Encouraged by the simulation, the 60 kHz preamp hardware sprawls over a phenolic proto board:
The inductors and resistors hanging off the screw terminals produce more-or-less the same impedance as the real loop antenna. The alligator clips connect a function generator to the secondary winding of a current transformer (used backwards), thus injecting a wee differential signal into the “antenna”.
The clump of parts in the lower left knock the 24 VDC wall wart down to 20 V and produce a 10 V virtual ground in the middle:
The LEDs give a cheerful indication that the power supplies have reported for duty, plus apply a minimum load to the LM317 while I was tinkering. The heatsink gets tolerably warm, so I should dial back or disconnect the LEDs to reduce the load.
The preamp hardware matches the simulated layout, with a few extra bits tossed in:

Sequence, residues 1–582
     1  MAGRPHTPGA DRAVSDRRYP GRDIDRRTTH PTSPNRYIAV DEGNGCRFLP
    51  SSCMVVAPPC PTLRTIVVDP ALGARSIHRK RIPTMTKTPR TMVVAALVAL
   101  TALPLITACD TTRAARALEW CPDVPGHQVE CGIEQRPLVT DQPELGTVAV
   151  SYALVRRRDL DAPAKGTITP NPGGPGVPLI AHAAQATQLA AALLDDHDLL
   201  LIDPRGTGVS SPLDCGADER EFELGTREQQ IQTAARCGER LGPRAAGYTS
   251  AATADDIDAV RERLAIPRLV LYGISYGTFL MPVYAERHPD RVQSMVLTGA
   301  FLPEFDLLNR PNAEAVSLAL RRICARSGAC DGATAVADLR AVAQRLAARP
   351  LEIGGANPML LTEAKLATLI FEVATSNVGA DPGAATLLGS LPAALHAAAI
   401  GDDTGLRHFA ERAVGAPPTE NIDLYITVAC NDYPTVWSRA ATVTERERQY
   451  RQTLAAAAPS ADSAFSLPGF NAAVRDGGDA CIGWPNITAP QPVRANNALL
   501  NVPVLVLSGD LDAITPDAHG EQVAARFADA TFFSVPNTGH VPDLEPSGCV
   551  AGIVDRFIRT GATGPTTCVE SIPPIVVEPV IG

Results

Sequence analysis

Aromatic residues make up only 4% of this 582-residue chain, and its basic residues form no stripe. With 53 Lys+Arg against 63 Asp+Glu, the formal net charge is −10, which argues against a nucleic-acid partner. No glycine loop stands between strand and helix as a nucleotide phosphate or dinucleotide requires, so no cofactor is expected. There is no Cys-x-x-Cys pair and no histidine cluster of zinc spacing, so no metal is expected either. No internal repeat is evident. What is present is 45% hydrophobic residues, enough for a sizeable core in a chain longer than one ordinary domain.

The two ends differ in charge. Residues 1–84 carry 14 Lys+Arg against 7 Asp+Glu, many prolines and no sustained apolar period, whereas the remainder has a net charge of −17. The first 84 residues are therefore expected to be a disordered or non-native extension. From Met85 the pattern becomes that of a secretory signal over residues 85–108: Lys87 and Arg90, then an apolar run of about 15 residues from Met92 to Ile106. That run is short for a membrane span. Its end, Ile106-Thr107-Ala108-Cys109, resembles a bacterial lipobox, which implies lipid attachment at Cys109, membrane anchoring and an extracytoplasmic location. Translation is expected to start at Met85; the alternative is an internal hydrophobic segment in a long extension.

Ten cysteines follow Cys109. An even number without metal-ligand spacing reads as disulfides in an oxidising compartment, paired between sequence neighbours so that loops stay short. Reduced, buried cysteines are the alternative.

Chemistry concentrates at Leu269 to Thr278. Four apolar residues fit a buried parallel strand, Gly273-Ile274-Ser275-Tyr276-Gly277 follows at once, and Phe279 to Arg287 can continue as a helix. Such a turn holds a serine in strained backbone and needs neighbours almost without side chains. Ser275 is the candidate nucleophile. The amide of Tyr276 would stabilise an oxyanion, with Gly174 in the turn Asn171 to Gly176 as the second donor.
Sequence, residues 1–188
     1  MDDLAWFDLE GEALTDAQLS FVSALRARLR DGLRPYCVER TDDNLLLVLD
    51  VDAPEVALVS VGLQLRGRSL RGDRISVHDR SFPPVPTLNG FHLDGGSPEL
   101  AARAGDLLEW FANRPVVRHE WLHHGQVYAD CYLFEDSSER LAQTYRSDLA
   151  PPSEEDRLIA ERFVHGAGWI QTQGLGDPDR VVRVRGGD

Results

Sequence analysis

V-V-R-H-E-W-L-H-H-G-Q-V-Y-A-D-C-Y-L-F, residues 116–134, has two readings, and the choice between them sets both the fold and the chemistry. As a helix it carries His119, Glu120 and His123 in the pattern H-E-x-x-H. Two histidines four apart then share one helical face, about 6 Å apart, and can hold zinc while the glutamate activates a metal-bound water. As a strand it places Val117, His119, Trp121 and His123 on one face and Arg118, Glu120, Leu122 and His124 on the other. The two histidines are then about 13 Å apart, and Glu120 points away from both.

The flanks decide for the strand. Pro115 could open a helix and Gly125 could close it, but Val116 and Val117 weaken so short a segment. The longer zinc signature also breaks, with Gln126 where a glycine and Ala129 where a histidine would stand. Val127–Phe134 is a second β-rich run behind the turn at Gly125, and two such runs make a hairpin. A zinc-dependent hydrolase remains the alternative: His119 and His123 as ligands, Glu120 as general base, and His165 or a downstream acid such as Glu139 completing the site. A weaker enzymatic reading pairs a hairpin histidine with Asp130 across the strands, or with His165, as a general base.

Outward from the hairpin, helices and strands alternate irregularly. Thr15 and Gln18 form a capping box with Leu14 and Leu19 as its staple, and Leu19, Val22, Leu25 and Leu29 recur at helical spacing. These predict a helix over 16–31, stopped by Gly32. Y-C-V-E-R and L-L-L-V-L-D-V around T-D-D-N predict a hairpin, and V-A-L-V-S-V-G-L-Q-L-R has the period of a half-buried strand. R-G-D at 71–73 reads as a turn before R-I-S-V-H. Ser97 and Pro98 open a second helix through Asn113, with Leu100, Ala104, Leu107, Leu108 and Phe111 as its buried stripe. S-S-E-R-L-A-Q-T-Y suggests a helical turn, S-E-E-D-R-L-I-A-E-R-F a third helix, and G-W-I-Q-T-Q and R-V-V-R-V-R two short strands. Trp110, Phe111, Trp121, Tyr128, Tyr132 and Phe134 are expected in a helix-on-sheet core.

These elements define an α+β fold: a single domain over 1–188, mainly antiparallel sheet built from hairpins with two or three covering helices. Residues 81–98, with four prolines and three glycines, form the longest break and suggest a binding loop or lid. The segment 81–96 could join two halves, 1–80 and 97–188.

The weird values come from whatever 1% resistors and silver-mica caps emerged from the heap. The 27 V Zener diodes and 5 kΩ resistors may or may not protect the instrumentation amp inputs from lightning-induced transients.
Because the HP8591 analyzer’s tracking generator starts at 100 kHz, I fed the DDS function generator into the preamp, manually stepped the frequency in 250 Hz increments, and had the analyzer show the maximum response of 19 separate sweeps:
That was tedious and, no, it’s not a comb filter: the actual response skates across the peaks of all those bumps.
The marker shows the preamp bandwidth is 2 kHz, roughly what the simulation predicts; the extremely tight span of that plot makes it look a lot flatter that the usual presentation.
Tightening the span even more shows an unexpected effect:
Those sidebands at ±120 Hz (probably) come from power-line magnetic fields into the “antenna”, because the magnetic field strength depends on the absolute value of the voltage. If they came from the signal generator, they’d be at ±60 Hz: the waveform amplitude depends directly on the voltage.